Rhys Jones Medal for Outstanding Contribution to Australian Archaeology

This year’s winner of the Rhys Jones Medal is Peter Veth.

 

Peter Veth epitomises the criteria associated with the Rhys Jones Medal, namely ‘an outstanding and sustained contribution to the field of archaeology’ in Australia.  His work in the arid region of Western Australia spans more than 30 years and is foundational to our understanding of the entire span of human occupation of the arid zone, from initial Aboriginal occupation until European colonisation.  His landmark study Islands in the Interior (1993) still serves as the framework for discussion of arid land adaptations in the Pleistocene and into the Holocene.Peter Veth

Peter’s more recent research has been no less significant, producing advances in knowledge from the Barrow Islands on the northwest shelf of Australia; from eastern Indonesia, East Timor and the Torres Strait; and expanding his earlier work in the Western Desert.  In all these endeavours Peter has clearly been at the fore-front of Australian archaeology for over 30 years. To list just a few of his achievements, Peter has published over 300 peer-reviewed volumes, chapters, papers and Expert Witness reports; produced over 800 public education pieces, including newspaper articles and multimedia interviews; and developed new curriculum and research alliances in Australian Indigenous archaeology, maritime archaeology, Native Title and contact studies.

Peter’s significant achievements in archaeology are reflected in his international impacts, with his work being pivotal to current research by scholars based in in the USA, Europe, Chile and Argentina; and his success in nationally and internationally competitive grants. He has lead over 50 researchers on major ARC funded projects such as the Barrow Island Archaeology Project, the Australian Historic Shipwreck Protection Project and the Canning Stock Route Project. These large multi-disciplinary projects, conducted closely with numerous Indigenous and other partner organisations, have helped recast Australian archaeology and set new standards for collaborative research endeavours.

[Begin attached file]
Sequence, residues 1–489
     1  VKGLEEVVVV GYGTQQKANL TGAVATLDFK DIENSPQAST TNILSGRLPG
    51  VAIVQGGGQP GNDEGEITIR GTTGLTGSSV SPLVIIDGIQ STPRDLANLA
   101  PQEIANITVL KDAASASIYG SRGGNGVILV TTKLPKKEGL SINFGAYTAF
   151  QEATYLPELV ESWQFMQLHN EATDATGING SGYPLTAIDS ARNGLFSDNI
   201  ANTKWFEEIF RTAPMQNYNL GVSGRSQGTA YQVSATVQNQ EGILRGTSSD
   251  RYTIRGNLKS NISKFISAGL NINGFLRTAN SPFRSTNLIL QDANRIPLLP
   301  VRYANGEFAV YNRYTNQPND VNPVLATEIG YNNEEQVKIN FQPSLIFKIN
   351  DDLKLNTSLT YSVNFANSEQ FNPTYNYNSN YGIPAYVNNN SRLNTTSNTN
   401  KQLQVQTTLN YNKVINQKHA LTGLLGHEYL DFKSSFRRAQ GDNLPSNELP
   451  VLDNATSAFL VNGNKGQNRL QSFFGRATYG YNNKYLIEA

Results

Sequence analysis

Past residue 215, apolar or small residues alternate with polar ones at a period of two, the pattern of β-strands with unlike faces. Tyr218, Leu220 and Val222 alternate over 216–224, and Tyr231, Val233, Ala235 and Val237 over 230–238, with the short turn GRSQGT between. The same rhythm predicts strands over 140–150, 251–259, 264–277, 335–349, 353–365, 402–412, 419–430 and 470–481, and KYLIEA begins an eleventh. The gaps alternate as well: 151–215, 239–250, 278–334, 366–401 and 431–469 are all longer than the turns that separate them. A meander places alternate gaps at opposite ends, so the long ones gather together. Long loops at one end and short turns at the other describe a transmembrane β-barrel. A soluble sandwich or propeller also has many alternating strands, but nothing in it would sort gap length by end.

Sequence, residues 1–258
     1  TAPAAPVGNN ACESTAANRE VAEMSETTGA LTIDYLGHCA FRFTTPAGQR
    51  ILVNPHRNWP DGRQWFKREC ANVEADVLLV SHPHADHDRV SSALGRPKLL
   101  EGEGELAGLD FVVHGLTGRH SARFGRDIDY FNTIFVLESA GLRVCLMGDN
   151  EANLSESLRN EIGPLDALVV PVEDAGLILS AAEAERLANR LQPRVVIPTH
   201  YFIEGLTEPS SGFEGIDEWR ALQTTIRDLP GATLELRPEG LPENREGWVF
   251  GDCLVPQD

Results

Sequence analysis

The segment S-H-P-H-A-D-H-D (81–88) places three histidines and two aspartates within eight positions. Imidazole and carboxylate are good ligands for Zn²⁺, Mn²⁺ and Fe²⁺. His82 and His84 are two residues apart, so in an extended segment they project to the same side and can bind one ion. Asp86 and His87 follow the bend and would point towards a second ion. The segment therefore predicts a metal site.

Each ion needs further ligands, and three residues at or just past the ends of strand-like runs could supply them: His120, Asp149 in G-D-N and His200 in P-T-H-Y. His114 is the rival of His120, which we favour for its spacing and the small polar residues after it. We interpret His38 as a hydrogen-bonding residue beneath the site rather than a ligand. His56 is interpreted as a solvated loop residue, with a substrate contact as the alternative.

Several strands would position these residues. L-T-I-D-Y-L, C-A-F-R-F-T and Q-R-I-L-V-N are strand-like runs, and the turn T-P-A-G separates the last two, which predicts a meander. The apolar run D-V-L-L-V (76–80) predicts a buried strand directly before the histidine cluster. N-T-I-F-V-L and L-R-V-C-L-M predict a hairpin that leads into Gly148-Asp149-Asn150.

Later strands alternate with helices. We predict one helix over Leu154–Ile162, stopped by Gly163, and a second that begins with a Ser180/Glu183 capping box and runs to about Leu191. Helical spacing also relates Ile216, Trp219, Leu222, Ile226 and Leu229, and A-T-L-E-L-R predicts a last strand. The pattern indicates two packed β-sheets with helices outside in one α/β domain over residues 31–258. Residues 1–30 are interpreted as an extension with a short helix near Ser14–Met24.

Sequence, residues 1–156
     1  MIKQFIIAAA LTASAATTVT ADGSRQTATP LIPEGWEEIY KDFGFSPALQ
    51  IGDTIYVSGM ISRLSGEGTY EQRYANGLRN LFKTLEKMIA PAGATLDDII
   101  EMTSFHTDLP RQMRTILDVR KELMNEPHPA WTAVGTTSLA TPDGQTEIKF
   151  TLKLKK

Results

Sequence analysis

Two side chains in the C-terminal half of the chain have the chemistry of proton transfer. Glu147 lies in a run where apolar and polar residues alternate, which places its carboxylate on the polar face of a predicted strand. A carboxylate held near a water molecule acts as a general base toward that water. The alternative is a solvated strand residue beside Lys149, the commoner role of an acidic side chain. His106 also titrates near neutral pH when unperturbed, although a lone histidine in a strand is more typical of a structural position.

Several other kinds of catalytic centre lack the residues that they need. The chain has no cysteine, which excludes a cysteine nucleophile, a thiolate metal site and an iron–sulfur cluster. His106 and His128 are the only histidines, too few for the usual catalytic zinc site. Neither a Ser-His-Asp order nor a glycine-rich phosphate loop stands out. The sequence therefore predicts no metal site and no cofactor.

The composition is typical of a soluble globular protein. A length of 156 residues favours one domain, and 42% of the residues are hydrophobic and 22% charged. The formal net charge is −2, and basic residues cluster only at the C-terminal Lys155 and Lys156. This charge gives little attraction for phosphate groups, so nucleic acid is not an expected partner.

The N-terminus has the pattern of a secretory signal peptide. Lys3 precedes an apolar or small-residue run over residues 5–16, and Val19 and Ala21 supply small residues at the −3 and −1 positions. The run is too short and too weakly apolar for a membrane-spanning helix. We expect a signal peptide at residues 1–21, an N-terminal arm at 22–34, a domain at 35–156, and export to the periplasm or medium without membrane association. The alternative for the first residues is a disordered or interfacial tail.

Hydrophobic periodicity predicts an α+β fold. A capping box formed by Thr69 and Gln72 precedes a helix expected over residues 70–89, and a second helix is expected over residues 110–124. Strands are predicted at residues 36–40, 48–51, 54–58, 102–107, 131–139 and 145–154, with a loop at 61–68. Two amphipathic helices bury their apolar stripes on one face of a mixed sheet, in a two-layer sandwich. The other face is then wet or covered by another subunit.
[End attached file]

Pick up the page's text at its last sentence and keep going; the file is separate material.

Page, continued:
Peter’s career is particularly significant in his singular commitment to, collaboration with and empowerment of Indigenous communities to manage their cultural heritage, particularly across Western Australia.  Peter is very well respected by the Indigenous communities with whom he has worked, and his recent work on the Canning Stock Route is just one of many examples of the collaborative work he has undertaken with Traditional Owners.  A central guiding philosophy of Peter’s approach is that any archaeological or cultural heritage project should enable Indigenous peoples to exercise a primary role in the management of their cultural heritage.  Peter’s achievements have been recognised by his peers in numerous awards, including his induction into the Australian Academy of the Humanities, and as the 2010 winner of the Bruce Veitch Award for Excellence in Indigenous Engagement.

One of Peter’s most significant contributions to Australian archaeology relates to his leadership role in the discipline.  Peter has set an extraordinarily high standard for best practice in archaeological and cultural heritage endeavours, earning enormous respect from his peers. He has made significant contributions to improving cultural heritage practice at local, regional, state, national and international levels. Peter is an extraordinarily generous mentor, freely spending his time and energy on encouraging the next generation of researchers and practitioners in Australian archaeology and cultural heritage.

Congratulations, Peter, on being the very worthy winner of the 2014 Rhys Jones Medal.